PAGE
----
Thursday, July 26, 2007

West Asian Wonders

Asian Cup Semi Finals Wrap

Iraq 0 v South Korea 0 (Iraq won 4-2 on penalties)

FOR a 0-0 draw, this wasn't a bad game at all. South Korea, improving by the game, made most of the running, producing their best all-round performance, but ultimately their weakness was an inability to capitalise on their territorial and possessional domination. Right from the start, in heavy conditions, they were able to press Iraq high and pin them back, controlling the first half through their control of both flanks. Pim Verbeek made a number of surprise tactical selections, keeping one of his stars of the campaign, Kim Jung-woo (#17), in reserve, drafting in Yeom Ki-hun (#19) on the right flank and shifting the adaptable Lee Chun-soo (#10) into the middle, behind Cho Jae-jin (#9). In midfield, Son Dae-ho (#20) was given the marking role of Iraq's playmaker, Nashat Akram. Verbeek's moves were brilliant, allowing the Koreans to control most of the match, Ki-hun turning on a man of the match performance to give the hitherto exemplary Iraq left back Bassim Abbas a working over. With Seongnam's Choi Sung-kuk (#7) combining well with left back Kim Chi-woo (#15), Korea were dominating both flanks. Chun-soo, meanwhile, was looking more a threat through the middle than he has been out wide, while Dae-ho didn't give Akram a sniff. But the Koreans, for all their control, were unable to crack the brilliant Iraqi defence, lead superbly by Jassim Gholam (#2), who followed Jae-jin everywhere he went. His central defensive mate, Ali Rehema (#15), wasn't too far behind, looking after Chun-soo. Abbas and right back Haider Hussain (#14), worked over early, never gave up, sticking to their work with real spirit and zest. All the time they were screened superbly by holding midfielder Qusay Munir (#24). While Akram was off his game, Qusay was the midfield king, winning and using the ball with equal efficiency. While Korea looked blunt at the pointy end, Iraq offered real bite in Younis Mahmoud, who looked a threat every time he got the ball, despite the limited service and the close attentions of the impressive youngster Kang Min-soo (#22). The #13, Karrar Jassem, was everywhere, fouling and frustrating the Koreans. As the game went on and the Koreans failed to open the door, heads started to drop and legs became heavier, encouring the fresher Iraqis to come home strong. It was an almighty effort. The tragedy for Korea is that two of the heros, Ki-hun and Jung-woo, failed from the spot, but there was no denying the hunger, desire and destiny of Iraq. Coach Jorvan Vieira, in the job for a couple of months, has done an oustanding job and the players have responded. Just a wonderful story.

Saudi Arabia 3 v Japan 2

WHILE there was strong belief that Iraq could do the job for western Asia, there was less optimism about Saudi Arabia's prospects against Japan, going for their third straight title. The Saudi's had looked porous in the quarter final win over the Uzbeks, and while they packed two dynamites up front, surely the Japanese would be too strong after shaking off the Socceroos. Not on your life. Clearly the Saudi's had learnt a thing or two from the Roos about how to play Japan; defend deep and look to counter with real purpose. Only difference between the Saudis and Australia was that the Saudis could actually counter with real pace, numbers and skill, especially through liverwires Yasser Al Qahtani and Malek Maaz, both so impressive throughout the tournament. The surprise was how well the Saudis defended, despite the liability that was Yasser Al Mosailem in goal, a far cry from Saudi great Mohamed Al Deayea. Japan's problem, so evident against Australia and even earlier in the tournament was that they were so one paced, only snapping into gear when they went behind. Here they played right into Helios dos Anjos's hands, leaving massive space between the midfield and defence for Yasser Al Qahtani and Maaz to utilise. It was an invitation they were only too ready to accept, Maaz in particular giving Yuki Abe a complete working over. While he showed customary elavation and aerial ability for his first, his second was a gem, burning Abe and the equally poor Kawaguchi. Like the Socceroos earlier in the tournament, perhaps Japan had been guilty of underestimating the opposition and believing the speculation that they were home and hosed. When quizzed about Saudi Arabia's men-to-watch in the lead-up, the disappointing Shunsuke Nakamura could only mention "the number 20" - he was talking about Yasser Al Qahtani. What motivation for the others. While Maaz was the man, right back Ahmad Al Bahri (#15) was awesome, setting up the second and blunting Komano, holding midfielder Saud Khariri (#14) ran all day and just in front of him #17 Taiseer Al Jassam has been a creative influence. Japan coach Ivica Osim must shoulder much of the blame, rarely asking enough questions of the Saudi keeper and central defenders. The Saudis wanted it more and deserved their win, despite the post coming to their rescue yet again.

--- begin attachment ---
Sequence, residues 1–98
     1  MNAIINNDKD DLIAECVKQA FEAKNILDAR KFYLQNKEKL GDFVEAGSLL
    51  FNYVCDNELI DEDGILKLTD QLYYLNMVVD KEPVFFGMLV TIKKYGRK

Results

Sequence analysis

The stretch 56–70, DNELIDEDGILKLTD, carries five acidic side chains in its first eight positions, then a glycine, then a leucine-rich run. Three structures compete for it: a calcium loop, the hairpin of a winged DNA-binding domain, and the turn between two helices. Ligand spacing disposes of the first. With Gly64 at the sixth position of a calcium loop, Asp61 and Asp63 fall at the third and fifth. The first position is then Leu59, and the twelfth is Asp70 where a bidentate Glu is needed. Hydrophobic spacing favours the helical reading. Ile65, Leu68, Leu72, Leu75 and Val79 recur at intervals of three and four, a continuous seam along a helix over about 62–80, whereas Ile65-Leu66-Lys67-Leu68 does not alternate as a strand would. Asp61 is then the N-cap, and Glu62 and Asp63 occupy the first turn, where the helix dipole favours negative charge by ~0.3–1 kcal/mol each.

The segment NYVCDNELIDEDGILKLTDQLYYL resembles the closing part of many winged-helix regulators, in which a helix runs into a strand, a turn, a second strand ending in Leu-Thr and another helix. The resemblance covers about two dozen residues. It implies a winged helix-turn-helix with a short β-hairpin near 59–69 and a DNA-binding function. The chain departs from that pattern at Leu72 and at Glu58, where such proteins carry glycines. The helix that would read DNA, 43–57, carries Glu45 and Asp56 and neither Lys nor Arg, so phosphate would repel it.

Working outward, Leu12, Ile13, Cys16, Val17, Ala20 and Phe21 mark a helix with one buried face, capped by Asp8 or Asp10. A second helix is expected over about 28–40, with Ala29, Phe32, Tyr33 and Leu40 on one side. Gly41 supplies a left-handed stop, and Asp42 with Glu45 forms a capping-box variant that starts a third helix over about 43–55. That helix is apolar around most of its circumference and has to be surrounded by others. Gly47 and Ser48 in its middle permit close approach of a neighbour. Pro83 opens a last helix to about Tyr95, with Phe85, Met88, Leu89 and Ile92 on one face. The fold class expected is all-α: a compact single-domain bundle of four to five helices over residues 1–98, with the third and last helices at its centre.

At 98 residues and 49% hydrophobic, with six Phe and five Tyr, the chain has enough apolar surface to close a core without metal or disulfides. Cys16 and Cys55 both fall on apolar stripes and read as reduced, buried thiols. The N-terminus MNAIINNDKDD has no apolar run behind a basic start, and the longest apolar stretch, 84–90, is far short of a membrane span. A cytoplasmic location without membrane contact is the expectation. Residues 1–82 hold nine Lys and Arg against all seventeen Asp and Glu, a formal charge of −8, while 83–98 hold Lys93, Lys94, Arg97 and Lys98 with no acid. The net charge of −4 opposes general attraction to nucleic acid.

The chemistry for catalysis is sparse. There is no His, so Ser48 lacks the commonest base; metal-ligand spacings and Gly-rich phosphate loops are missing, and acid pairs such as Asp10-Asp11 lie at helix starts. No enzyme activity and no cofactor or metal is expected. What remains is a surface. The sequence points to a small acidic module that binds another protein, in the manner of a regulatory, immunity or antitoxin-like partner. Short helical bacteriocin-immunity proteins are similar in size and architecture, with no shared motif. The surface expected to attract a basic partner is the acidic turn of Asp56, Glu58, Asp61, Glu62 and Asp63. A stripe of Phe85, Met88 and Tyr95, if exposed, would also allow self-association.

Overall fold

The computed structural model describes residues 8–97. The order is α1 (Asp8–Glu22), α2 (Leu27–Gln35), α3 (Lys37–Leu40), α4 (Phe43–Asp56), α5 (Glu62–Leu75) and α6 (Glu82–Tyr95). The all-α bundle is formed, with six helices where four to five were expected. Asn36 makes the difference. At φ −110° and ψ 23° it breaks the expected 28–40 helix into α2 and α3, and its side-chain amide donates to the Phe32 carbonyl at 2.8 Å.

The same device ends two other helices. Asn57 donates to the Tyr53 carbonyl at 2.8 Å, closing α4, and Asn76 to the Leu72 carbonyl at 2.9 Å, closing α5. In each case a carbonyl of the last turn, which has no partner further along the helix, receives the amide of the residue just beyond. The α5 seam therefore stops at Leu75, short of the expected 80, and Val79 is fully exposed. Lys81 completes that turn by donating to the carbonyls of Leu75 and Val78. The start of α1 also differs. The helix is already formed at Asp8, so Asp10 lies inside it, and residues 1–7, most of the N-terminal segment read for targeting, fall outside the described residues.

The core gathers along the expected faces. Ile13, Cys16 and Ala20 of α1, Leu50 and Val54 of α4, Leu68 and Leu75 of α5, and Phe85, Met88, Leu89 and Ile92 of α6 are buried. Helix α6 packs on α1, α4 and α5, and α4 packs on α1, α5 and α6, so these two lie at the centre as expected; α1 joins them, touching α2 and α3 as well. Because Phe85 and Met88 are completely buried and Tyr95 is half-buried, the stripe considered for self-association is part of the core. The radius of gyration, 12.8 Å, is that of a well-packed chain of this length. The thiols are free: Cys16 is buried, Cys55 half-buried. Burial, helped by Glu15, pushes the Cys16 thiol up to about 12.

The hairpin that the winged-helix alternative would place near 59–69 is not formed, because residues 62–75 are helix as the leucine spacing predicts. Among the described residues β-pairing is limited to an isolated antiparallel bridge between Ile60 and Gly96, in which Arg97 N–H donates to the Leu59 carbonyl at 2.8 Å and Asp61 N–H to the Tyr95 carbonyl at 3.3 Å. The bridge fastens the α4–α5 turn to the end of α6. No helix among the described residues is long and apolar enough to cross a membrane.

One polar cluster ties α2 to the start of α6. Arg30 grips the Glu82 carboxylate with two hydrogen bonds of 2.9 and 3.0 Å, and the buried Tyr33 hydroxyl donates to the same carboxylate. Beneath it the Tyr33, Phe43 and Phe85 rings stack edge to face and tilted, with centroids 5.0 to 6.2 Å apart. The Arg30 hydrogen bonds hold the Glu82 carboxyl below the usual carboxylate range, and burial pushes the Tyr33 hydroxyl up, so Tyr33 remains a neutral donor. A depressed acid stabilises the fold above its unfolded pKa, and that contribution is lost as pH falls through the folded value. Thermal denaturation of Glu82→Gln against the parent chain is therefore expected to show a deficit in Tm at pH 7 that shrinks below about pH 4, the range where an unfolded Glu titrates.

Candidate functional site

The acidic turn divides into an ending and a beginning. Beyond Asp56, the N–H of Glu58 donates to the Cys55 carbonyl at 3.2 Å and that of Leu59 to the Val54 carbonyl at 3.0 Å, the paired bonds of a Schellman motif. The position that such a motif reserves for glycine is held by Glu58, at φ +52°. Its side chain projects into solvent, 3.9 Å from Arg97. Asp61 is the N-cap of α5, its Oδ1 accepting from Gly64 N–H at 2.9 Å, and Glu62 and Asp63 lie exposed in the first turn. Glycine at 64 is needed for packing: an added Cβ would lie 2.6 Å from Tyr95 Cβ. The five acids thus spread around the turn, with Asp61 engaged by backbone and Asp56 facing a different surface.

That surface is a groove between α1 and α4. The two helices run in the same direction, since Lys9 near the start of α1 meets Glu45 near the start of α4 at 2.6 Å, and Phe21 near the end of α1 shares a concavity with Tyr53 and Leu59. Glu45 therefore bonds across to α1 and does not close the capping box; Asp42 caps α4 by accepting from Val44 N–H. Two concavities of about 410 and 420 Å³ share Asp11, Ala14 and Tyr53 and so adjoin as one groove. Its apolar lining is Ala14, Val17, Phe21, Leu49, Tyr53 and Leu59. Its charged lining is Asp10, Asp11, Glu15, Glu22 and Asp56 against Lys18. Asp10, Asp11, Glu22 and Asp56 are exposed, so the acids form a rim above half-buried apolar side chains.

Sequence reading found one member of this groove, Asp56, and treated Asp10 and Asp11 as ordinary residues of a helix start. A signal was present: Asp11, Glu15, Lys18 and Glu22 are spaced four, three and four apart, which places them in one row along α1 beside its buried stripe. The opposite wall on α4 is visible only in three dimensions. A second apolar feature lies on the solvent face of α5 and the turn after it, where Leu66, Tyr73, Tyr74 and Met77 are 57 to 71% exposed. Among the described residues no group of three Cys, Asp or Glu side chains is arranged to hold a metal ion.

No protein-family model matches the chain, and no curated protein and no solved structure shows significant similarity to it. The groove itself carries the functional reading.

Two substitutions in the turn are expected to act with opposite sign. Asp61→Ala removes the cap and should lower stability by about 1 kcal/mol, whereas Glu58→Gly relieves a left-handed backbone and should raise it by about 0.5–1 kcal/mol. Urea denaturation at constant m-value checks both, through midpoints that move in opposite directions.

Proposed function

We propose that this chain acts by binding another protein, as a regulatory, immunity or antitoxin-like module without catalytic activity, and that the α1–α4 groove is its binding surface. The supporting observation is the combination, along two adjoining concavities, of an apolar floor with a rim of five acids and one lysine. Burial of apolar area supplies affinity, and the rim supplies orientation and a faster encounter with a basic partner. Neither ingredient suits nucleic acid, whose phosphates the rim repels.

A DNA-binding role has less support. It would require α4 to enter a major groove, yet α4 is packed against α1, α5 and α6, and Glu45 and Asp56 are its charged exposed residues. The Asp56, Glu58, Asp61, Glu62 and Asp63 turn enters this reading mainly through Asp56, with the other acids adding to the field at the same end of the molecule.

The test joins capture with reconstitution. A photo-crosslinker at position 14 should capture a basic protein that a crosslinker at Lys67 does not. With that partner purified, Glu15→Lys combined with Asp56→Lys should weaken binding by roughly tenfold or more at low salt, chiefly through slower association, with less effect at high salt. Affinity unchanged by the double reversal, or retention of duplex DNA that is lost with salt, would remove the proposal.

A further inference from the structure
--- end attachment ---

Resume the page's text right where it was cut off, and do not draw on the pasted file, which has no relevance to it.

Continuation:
It creates the unlikeliest of finals, two West Asian wonders full of quality, good management and plenty of desire. Andy Harper and Paul Trimboli, in the Fox studio, were spot on in their assessment; both Iraq and Saudi Arabia packed more improvisation and match-winning quality in and around the opposition box than their organised East Asian opponents.


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